All We Need Is Love
If I speak in the tongues (languages) of men or of angels, but do not have love, I am only a resounding gong or a clanging cymbal. 2 If I have the gift of prophecy and can fathom all mysteries and all knowledge, and if I have a faith that can move mountains, but do not have love, I am nothing. 3 If I give all I possess to the poor and give over my body to hardship that I may boast, but do not have love, I gain nothing.
4 Love is patient, love is kind. It does not envy, it does not boast, it is not proud. 5 It does not dishonor others, it is not self-seeking, it is not easily angered, it keeps no record of wrongs. 6 Love does not delight in evil but rejoices with the truth. 7 It always protects, always trusts, always hopes, always perseveres.
8 Love never fails. But where there are prophecies, they will cease; where there are tongues, they will be stilled; where there is knowledge, it will pass away. 9 For we know in part and we prophesy in part, 10 but when completeness comes, what is in part disappears. 11 When I was a child, I talked like a child, I thought like a child, I reasoned like a child. When I became a man, I put the ways of childhood behind me. 12 For now we see only a reflection as in a mirror; then we shall see face to face. Now I know in part; then I shall know fully, even as I am fully known.
13 And now these three remain: faith, hope and love. But the greatest of these is love.
1 Corinthians 13 (NIV)
One afternoon while I was waiting for the bus to take me home, my best friend looked at me with tears in her eyes. “Now that you decided to come out of the closet as a lesbian,” she said, “I have to tell you how much that you have hurt me.”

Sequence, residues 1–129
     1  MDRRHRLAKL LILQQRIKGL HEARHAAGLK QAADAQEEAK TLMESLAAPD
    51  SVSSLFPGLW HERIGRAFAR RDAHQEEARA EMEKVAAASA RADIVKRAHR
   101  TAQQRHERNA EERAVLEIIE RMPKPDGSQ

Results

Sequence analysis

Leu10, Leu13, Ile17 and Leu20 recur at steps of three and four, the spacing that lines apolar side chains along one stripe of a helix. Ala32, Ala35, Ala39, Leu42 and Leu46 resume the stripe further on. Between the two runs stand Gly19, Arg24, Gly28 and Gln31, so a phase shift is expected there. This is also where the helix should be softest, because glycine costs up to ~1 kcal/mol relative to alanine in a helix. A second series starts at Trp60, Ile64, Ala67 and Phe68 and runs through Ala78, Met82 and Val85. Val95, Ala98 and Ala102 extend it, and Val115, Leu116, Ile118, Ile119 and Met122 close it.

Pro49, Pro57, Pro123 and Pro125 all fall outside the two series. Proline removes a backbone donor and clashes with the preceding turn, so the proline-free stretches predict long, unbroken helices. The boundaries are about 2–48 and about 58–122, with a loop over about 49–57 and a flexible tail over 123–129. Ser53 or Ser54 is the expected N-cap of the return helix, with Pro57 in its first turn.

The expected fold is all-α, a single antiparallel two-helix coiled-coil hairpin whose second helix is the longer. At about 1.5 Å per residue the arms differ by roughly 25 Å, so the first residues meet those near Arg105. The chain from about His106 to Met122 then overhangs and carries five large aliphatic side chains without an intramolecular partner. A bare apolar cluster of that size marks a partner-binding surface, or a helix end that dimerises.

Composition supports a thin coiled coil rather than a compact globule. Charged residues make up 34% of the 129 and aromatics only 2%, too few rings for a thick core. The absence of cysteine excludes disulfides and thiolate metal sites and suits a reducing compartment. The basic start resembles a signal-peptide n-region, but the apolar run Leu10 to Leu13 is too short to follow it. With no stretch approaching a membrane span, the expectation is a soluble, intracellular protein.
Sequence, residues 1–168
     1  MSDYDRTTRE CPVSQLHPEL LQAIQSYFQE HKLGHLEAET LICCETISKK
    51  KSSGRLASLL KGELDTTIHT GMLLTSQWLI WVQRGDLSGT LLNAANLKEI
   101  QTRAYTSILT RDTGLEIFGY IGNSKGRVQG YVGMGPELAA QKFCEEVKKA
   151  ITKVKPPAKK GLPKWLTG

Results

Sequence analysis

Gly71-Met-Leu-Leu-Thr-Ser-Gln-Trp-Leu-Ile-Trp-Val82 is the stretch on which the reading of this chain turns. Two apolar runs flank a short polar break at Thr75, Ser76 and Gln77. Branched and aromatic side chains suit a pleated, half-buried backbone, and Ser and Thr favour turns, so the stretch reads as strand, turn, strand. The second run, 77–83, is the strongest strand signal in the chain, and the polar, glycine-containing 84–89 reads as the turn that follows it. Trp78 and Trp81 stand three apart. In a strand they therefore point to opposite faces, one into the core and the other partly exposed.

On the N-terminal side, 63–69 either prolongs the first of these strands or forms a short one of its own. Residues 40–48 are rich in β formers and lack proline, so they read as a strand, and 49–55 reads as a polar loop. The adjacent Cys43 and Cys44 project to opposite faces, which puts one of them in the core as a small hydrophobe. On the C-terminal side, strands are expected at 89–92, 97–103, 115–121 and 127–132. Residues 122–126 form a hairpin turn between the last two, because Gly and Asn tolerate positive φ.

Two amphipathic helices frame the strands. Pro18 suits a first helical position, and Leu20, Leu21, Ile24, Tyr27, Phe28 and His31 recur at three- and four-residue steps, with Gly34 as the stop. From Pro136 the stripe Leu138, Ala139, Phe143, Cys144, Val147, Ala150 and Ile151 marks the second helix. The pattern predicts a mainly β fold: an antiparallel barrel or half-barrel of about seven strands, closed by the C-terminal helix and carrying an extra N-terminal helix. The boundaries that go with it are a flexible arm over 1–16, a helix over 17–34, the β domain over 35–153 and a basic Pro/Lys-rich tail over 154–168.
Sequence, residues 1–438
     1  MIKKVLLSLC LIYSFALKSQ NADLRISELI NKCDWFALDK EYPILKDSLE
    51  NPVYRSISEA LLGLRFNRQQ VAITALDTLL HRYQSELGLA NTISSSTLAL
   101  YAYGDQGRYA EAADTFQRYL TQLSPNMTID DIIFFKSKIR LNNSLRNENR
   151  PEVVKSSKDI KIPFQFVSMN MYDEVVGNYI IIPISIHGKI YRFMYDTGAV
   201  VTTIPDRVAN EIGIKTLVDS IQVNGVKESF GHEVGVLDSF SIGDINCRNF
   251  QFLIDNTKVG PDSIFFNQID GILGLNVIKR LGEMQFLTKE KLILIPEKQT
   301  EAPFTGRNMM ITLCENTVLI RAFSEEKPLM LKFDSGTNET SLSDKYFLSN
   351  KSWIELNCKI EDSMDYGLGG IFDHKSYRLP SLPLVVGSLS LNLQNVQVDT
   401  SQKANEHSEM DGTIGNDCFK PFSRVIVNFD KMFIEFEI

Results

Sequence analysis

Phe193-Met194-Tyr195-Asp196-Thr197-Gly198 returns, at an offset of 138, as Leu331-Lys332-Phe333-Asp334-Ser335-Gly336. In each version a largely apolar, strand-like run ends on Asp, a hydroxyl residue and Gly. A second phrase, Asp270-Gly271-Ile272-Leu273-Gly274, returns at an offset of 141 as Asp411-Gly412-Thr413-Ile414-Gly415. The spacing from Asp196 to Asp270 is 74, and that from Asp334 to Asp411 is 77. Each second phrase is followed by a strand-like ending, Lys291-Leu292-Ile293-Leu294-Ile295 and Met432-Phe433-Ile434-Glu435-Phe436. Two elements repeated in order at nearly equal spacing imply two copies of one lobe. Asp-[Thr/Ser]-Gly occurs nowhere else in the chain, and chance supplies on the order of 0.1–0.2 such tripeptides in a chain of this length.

I was speechless. I got on the bus and rode away; I went home sad, ashamed of myself, and full of guilt for causing the suffering of my friend and others that loved me.
A few months later, I met a new friend that responded to my guilt by saying: “Hey, you didn’t do anything to hurt them. If they are hurt it isn’t because you love a woman, it’s because of their own prejudices. It is their arrogance that hurts, and their own feeling of self-importance that is being affected. If they love you they should be happy if you are happy.” When I heard him speak these words, I felt a moment of awakening as the verses of 1 Corinthians, Chapter 13, flooded back to me. That passage shows us what we all need—the acceptance, respect, affirmation, and celebration of our identities made flesh through acts of love by those around us. Without love, the use of biblical verses to condemn my sexual orientation feel like a punishment—even if the person speaking tells me that they love me. But love doesn’t need to be explained. It is felt because it is alive. I couldn’t feel the negative reaction to my queerness as love because it wasn’t love. Love doesn’t condemn, judge or punish. It takes away shame, it doesn’t cause it. It gives freedom!
About the Author
Esther Baruja, native of Paraguay, has a Master in Divinity from ISEDET Seminary in Argentina and Chicago Theological Seminary. Esther's focus is theological-based liberation from multi-layer oppressions at the intersections of race, class and gender. She lives in Cleveland, where she is pastoring at Archwood UCC church in Brooklyn Centre.